Karl Gallagher (selenite) wrote,
Karl Gallagher

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@#$% Politicians


So now the pols are trying to blame each other for the blackouts, or find some poor power plant operator who happened to be chairless when the music stopped. Sheesh. When 100 plants go down at once, it's not because one of them was screwed up. They were all running on the ragged edge, and normal variation was going to push one of them over. Then once the first one went down its load was dumped on another which had no reserve left to help out, and it went down. So the whole collapse spread until it reached choke-points. That gave operators a chance to do the power system equivalent of cutting a mountain climber's line so he doesn't pull the whole group down.

The system's coming back up, quite quickly when you consider these 60-cycle-per-second generators have to all be synchronized and their connections are down. And we'll be in the same positon as Thursday, one hot day or system glitch from bringing it all down again. If you want the system to stay up all the time you have to build in extra capability. We used to have that but the population's been growing and everybody's buying more gadgets, so now it's gone. That's the same thing that took down California's grid (aggravated by a set of regulations that were the moral equivalent of turning your life savings into gold bars and stacking them on the front porch).

It's not like the warnings weren't there. Gray Davis got briefed on the weakness of the power system a year before the blackouts. All the power operators publish how much reserve they have, and it's been shrinking for years.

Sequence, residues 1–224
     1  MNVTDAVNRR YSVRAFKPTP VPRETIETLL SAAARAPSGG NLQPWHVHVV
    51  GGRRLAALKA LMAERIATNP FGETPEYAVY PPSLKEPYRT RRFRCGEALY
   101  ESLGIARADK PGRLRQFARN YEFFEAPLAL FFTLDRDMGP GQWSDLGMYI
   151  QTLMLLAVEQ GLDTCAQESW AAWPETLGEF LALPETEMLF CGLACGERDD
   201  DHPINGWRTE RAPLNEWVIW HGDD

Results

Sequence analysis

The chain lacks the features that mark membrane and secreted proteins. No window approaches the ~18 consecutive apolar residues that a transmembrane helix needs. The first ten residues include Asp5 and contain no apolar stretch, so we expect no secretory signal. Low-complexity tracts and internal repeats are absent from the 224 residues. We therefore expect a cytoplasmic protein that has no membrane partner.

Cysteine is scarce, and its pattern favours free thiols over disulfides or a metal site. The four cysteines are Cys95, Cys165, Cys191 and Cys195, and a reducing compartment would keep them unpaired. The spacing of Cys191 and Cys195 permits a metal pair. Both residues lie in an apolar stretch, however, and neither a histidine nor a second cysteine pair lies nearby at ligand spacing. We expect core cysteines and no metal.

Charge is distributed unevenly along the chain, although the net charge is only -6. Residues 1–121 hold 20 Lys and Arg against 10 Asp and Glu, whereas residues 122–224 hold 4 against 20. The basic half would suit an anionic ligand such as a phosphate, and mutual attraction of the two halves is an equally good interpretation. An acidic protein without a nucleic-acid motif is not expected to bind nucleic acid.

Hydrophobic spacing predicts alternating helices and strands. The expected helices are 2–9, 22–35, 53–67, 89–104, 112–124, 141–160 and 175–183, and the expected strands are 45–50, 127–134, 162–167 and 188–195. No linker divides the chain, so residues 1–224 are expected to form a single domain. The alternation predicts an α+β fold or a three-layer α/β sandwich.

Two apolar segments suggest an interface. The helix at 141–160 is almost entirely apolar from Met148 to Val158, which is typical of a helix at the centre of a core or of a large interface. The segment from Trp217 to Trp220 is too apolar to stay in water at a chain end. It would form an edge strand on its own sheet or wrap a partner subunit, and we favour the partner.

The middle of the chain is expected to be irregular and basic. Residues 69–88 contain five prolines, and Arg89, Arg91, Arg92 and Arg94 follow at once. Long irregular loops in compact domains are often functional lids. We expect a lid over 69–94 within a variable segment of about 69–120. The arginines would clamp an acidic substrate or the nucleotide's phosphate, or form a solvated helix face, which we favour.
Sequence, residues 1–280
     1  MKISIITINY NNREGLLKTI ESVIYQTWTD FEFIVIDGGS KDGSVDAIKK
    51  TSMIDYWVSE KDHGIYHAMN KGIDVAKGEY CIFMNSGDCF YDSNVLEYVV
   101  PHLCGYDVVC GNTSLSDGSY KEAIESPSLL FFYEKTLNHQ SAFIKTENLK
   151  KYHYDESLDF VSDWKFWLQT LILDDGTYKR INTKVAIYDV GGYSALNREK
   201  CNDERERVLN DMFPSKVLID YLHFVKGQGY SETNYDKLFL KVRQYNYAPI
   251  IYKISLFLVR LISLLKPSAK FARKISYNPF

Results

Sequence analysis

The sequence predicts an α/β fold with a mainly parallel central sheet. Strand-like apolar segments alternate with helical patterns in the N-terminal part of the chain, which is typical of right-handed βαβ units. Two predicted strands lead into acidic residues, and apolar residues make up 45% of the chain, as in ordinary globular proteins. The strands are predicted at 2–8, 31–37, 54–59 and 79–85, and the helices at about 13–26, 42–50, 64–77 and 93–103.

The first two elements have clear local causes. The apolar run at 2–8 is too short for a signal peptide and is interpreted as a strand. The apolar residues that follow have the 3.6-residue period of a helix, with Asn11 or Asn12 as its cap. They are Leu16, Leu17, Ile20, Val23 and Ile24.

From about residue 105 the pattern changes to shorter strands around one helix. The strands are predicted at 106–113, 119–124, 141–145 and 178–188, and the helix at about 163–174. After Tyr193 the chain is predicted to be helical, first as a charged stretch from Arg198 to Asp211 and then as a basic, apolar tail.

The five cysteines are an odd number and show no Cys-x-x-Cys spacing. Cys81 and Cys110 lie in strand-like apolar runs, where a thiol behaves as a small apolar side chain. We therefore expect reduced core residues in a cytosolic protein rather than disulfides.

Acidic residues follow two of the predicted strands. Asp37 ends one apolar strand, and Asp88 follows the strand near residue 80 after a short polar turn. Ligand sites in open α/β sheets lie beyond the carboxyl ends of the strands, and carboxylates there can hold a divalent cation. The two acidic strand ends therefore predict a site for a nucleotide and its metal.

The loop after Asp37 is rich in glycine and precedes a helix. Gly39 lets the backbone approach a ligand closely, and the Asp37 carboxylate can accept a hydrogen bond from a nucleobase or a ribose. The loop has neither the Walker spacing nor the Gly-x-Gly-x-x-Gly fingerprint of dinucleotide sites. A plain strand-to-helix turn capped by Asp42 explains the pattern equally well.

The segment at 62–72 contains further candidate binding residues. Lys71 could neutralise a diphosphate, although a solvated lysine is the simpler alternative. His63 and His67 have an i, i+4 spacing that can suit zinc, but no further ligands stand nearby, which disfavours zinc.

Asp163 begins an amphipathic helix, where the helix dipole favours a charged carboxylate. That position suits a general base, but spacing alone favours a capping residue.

So whose fault is it? That's easy:

The environmental activists who've tried to prevent any power plants from getting built.
The EMF fear-mongers who've prevented power lines from being built.
The neighborhood associations who've blocked both of them.
The anti-nuclear activists who've taken finished power plants off-line.
The regulators who refuse to let the price of electricity have anything to do with the cost to produce it.
The conservation activists who took the money for new power plants and plowed it into advertisments for reducing power use.
And, of course, the polticians who were fine with a more fragile system as long as the disaster wouldn't happen until after the next election.

How to fix it? That's easy too. Build more power plants. Tell those objecting to shut up. Build more transmission lines. Pay compensation to those in the way of the new construction, if they don't delay it. Track usage every year and make sure there's always margin above the peak usage. Accept that this means spending money.

All those pointing fingers have three pointing back at themselves, and they are the cause of this mess.

Tags: engineering, politics
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